What will happen to the Middle East when oil demand dries up? It might start to look like Dubai.
We know Dubai as the hyper-globalized financial capital of the United Arab Emirates, a flamboyant city-state crammed with skyscrapers and man-made islands. But Dubai used to be an oil town.
In 1975, oil provided two-thirds of Dubai’s GDP. From there, oil’s contribution to the economy declined. These days, it’s almost nil.
The emirate hasn’t suffered. Dubai reinvented itself as a center of trade, tourism, banking, and real estate. In the process, it became the Middle East’s first successful post-oil economy.
Young Arabs consider Dubai a model for the region: a tolerant Islamic society, diplomatically neutral, riotously capitalist, and stridently autocratic.
Dubai’s unorthodox governance is not for the faint of heart. The city’s development experiments have brought riches and turned the emirate into a global node of commerce and leisure. But this process has simultaneously turned Dubai into a transitory city and a patchwork of cultures.
That is because the majority of its three million residents are short-term economic migrants.
Government figures show that just eight percent of Dubaians are UAE citizens. The overwhelming 92 percent are foreigners, hailing from most of the world’s countries. Dubai’s expatriates have literally built the city and manage its day-to-day operation. But strict residency laws mean that for them, Dubai is a place to live, but it’s not home.
Such untamed diversity makes Dubai far and away one of the most cosmopolitan cities on Earth. The population is constantly being refreshed. It is better conceived of in terms of flows, rather than stocks. Waves of departing Indians and Lebanese are replaced by incoming surges of Burmese, Nepalese, and North Koreans. It’s a new paradigm.
“The city has ceased to be a site. Instead, it has become a condition,” writes American University of Sharjah architect George Katodrytis.
Dubai’s demographic imbalance extends to gender. The city is one of the world’s most masculine metropolises, around 70 percent male, by the government’s count. In poor neighborhoods like the laborers’ district of Sonapur, women are almost nonexistent.
The combination of male dominance and social tolerance has created a huge market for prostitution—illegal, but tacitly accepted by the authorities. Dubai’s brothels are stratified, just like the rest of its workforce, with Arab and European prostitutes commanding top rates.
Of course, many migrants open legitimate businesses. The North Korean influx has brought one of the most bizarre, the Pyongyang Okryugwan, where waitresses bring bubbling stews in stone bowls, and then treat diners—including South Korean residents—to North Korean-style dinner theater with folk dancing and karaoke.
All this is possible because Dubai is an open city that prides itself on keeping friendly ties with neighboring countries and welcoming almost anyone. Traders and tourists pour in without visas, some speeding their passage by scanning their irises at automated gates in the airport.
But Dubai is also a police state, where electronic surveillance is unrestricted, and where jails confine criminals and debtors along with political activists who publicly disagree with monarchical rule. Politics are strictly off-limits.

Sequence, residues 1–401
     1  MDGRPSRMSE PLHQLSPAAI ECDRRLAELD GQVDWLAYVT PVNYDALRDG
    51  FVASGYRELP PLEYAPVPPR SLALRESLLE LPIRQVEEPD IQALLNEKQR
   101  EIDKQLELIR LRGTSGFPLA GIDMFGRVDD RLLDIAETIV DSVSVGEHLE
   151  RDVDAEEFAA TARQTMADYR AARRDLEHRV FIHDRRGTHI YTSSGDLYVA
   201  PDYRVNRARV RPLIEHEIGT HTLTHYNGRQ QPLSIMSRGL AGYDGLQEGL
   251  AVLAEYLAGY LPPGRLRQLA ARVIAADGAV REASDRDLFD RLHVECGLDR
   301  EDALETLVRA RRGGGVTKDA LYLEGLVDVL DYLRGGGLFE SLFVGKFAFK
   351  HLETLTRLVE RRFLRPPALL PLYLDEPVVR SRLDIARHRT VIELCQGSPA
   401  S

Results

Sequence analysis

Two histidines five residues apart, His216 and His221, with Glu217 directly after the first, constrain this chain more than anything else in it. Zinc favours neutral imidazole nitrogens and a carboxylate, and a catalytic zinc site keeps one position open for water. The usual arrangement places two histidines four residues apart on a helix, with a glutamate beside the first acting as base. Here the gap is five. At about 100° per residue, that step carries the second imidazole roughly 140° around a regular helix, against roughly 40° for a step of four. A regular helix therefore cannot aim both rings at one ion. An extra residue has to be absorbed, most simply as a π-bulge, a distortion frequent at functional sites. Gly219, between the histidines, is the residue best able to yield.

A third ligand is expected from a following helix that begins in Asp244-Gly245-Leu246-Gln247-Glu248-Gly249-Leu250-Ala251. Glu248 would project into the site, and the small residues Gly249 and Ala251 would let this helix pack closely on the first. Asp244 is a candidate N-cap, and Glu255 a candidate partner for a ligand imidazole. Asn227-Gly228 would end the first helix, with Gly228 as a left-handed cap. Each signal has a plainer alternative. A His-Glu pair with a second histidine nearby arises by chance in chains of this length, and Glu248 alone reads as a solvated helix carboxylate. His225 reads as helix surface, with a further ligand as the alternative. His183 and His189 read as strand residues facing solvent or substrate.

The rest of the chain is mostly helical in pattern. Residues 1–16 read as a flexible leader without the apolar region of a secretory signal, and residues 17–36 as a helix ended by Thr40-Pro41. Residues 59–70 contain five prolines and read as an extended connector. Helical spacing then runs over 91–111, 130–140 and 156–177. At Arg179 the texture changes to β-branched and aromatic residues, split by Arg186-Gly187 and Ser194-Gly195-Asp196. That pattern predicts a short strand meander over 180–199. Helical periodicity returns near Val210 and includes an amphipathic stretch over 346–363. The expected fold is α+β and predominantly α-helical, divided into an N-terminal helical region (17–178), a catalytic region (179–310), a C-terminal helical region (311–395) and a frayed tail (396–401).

Even so, social and religious freedoms are abundant. Dubai is as different from conservative Riyadh as Amsterdam is from Oklahoma City.
The city is legendary for hosting Western excesses in an Islamic setting. Bacchanalian brunches with unlimited champagne coincide with the Friday sermon. Grotesquely intoxicated nightclub patrons stumble into their taxis as the pre-dawn call to prayer rings out. A fifth of the Dubai economy is provided by sun-and-sand tourism that few conservative neighbors would countenance.
In matters of faith, too, Dubai is open. The Sunni-oriented Grand Mosque in Bur Dubai is down the street from the green-tiled Ali Ibn Abi Talib Shia mosque. Just behind is a temple dedicated to the Hindu gods Shiva and Krishna. A few blocks away, Catholics stream to mass at St. Mary’s Church.
But critics wonder whether the Dubai model is sustainable.
The commercial hub may not have any more of its own oil, but it consumes prodigious amounts of fossil fuel. Since energy is cheap in the Gulf, curbside bus shelters are air-conditioned. Swimming pools are chilled. In the Emirates Mall, $50 gets you two hours’ skiing—even when it’s 110 degrees outside.
Here, too, Dubai has gone too far. The city and its neighbors find themselves on the front lines of climate damage. Rising summer temperatures threaten to render the Gulf uninhabitable, perhaps within the current century. [Related: Can Dubai reduce its ecological footprint by 2050?]
Far from raising the alarm, Dubai is cranking up the heat. It is building the enormous Hassyan power plant, the first in the Gulf to burn coal. The coming leap in carbon emissions all but ensures that Dubai residents remain among the most profligate emitters in the world.
After all, Dubai likes to be first.
Jim Krane is the Wallace S. Wilson Fellow for Energy Studies at Rice University’s Baker Institute. He is the author of
Dubai: The Story of the World’s Fastest City (Atlantic Books 2009), also published as
City of Gold: Dubai and the Dream of Capitalism (Picador 2010). His forthcoming book is titled
Energy Kingdoms: Oil and Political Survival in the Persian Gulf (Columbia University Press 2019).
Nick Hannes is a photographer based in Ranst, Belgium. His series on Dubai,
Garden of Delight, was was awarded the Magnum Photography Award in 2017 and the Zeiss Photography Award in 2018 and is now a book.